- Postdoctoral Fellow, Wisconsin Regional Primate Research Center, Reproductive Endocrinology, (Dr. D.J. Dierschke, supervisor. Primary research area: Effects of estrogens on folliculogenesis.), 1983-1986
- PhD, Michigan State University, Physiology, (Dr. W.R. Dukelow, advisor. Dissertation: Biochemical aspects of embryonic development in primates following fertilization in vitro.), 1983
- MS, Loyola University of Chicago, Biology, (Dr. J.J. Peluso, advisor. Thesis: Aging effects on ovum maturation and RNA and protein syntheses in vitro.), 1980
- BS, Loyola University of Chicago, Biology, 1978
My research has focused upon the reproductive effects of estrogens (natural and environmental pollutants with estrogenic activity) and pollutants that modulate the estrogen-receptor signaling pathway (e.g., dioxins). Such molecules can inhibit ovarian function and fertility in several mammals, fish, and aquatic invertebrate species. The following is a more detailed synopsis of my research efforts.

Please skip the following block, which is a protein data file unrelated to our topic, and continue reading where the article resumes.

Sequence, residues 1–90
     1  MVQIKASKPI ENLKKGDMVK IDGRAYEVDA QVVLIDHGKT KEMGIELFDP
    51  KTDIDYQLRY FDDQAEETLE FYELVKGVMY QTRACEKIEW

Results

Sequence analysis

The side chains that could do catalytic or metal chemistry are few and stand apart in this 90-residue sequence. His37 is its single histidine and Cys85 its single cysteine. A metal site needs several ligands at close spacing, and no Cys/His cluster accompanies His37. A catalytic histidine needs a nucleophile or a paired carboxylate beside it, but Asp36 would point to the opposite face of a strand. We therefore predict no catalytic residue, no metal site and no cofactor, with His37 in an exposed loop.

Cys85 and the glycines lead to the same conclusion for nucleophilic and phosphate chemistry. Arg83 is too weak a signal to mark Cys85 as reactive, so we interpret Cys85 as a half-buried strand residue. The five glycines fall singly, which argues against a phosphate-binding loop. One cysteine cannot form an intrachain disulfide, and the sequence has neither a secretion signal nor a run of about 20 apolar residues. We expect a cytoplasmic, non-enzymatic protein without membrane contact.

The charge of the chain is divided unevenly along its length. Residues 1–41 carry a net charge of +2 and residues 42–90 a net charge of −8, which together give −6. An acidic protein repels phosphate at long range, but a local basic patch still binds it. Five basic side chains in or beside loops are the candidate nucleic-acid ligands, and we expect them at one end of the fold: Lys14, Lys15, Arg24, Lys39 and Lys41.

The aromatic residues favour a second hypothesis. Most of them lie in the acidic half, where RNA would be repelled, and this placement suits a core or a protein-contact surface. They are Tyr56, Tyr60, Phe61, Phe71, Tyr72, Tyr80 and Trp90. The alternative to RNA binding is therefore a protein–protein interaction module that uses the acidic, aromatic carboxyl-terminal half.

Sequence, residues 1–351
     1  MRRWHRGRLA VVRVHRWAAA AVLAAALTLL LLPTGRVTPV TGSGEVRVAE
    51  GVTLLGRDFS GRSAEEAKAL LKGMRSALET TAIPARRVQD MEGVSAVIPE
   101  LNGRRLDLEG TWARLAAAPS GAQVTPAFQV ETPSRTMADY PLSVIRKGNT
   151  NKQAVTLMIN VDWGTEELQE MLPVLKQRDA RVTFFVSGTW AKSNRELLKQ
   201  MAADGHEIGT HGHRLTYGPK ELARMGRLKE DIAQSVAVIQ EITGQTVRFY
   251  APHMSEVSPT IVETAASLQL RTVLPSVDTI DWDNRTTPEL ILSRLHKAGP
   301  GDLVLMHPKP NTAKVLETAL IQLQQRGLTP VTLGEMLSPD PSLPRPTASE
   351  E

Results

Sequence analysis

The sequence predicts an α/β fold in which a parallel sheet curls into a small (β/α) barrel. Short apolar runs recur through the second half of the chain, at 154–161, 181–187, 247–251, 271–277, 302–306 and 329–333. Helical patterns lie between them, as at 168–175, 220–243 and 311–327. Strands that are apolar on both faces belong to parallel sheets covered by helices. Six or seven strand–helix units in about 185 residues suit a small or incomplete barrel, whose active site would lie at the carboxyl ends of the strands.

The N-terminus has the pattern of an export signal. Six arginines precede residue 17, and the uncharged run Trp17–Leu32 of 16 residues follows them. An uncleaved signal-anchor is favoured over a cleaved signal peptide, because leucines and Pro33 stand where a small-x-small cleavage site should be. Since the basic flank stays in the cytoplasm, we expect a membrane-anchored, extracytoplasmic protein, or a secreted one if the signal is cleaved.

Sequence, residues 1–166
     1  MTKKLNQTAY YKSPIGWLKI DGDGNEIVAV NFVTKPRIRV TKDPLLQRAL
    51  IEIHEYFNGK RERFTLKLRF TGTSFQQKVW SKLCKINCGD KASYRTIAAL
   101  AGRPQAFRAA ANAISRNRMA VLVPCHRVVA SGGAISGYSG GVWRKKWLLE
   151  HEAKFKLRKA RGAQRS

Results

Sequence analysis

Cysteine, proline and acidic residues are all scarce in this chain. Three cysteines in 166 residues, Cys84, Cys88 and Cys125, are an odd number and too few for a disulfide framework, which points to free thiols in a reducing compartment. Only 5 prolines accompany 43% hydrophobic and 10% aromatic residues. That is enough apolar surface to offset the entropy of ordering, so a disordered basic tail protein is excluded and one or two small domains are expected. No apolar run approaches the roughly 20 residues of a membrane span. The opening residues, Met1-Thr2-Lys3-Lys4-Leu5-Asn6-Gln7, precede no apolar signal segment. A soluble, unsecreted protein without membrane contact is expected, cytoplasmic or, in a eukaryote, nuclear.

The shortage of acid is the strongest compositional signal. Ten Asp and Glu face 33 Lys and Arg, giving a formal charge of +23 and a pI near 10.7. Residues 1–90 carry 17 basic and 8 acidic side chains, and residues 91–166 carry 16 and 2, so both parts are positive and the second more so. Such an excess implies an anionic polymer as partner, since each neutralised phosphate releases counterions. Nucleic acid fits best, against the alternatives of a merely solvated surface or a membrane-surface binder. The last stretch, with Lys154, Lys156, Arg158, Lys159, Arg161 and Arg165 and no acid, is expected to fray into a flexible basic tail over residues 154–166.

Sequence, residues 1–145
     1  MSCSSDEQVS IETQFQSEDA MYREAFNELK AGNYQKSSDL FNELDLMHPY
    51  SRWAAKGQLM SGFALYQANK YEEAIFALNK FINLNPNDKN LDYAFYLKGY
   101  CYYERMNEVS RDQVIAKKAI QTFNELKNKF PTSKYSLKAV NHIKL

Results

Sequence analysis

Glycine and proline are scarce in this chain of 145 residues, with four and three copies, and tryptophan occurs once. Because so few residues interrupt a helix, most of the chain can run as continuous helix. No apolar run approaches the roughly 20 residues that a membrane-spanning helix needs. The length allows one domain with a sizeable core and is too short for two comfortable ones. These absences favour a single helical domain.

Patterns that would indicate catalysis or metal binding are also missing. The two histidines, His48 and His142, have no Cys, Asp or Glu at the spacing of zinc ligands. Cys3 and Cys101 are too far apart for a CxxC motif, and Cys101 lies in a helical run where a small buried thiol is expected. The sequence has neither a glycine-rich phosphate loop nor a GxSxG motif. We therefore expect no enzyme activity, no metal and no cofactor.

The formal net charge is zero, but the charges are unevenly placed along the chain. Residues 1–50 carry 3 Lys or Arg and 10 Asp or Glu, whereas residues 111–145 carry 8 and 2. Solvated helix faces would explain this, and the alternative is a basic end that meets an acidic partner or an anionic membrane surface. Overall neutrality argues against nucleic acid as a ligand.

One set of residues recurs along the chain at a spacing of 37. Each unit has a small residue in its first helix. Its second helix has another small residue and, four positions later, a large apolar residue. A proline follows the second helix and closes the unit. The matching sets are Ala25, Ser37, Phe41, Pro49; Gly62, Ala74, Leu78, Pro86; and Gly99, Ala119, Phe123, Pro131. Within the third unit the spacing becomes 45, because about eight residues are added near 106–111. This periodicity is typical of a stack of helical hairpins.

Overall my interests lie in the area of control of development and atresia (apoptotic degeneration) of ovarian follicles in animals (invertebrates, fish, rats, hamsters, guinea pigs, primates). My laboratory evaluates effects of estrogens, follicle-stimulating hormone, growth factors, and most recently gold nanoparticles on the induction of atresia, studied in vivo and on follicle cells and oocytes in vitro; and the regulation of estrogen receptor function and fertility by endocrine-disrupting pollutants such as dioxins.
In a typical human menstrual cycle, one ovarian follicle (containing a healthy egg cell) from a cohort of a dozen or so goes on to ovulate, relegating the others to degeneration, or atresia by apoptosis. The primary focus of our laboratory is the elucidation of those factors involved in the regulation of ovarian follicle development (folliculogenesis), atresia, and ovulation in mammals. We are particularly intrigued in the role played by estrogens in this process. These biomedical models strongly suggest that there exits a complicated network of factors involved in overall regulation of folliculogenesis.
The various biomedical models that we use are applicable to humans, but possess the advantages of smaller size, ability to manipulate, genetics (e.g., zebrafish), direct extrapolation (non-human primates), and fewer ethical concerns. The biomedical goals of our studies are to determine the effects of neural and environmental molecules to which we are exposed on a daily basis on reproductive health and fertility in women; and to discern how these detrimental effects may be ameliorated, abolished or prevented.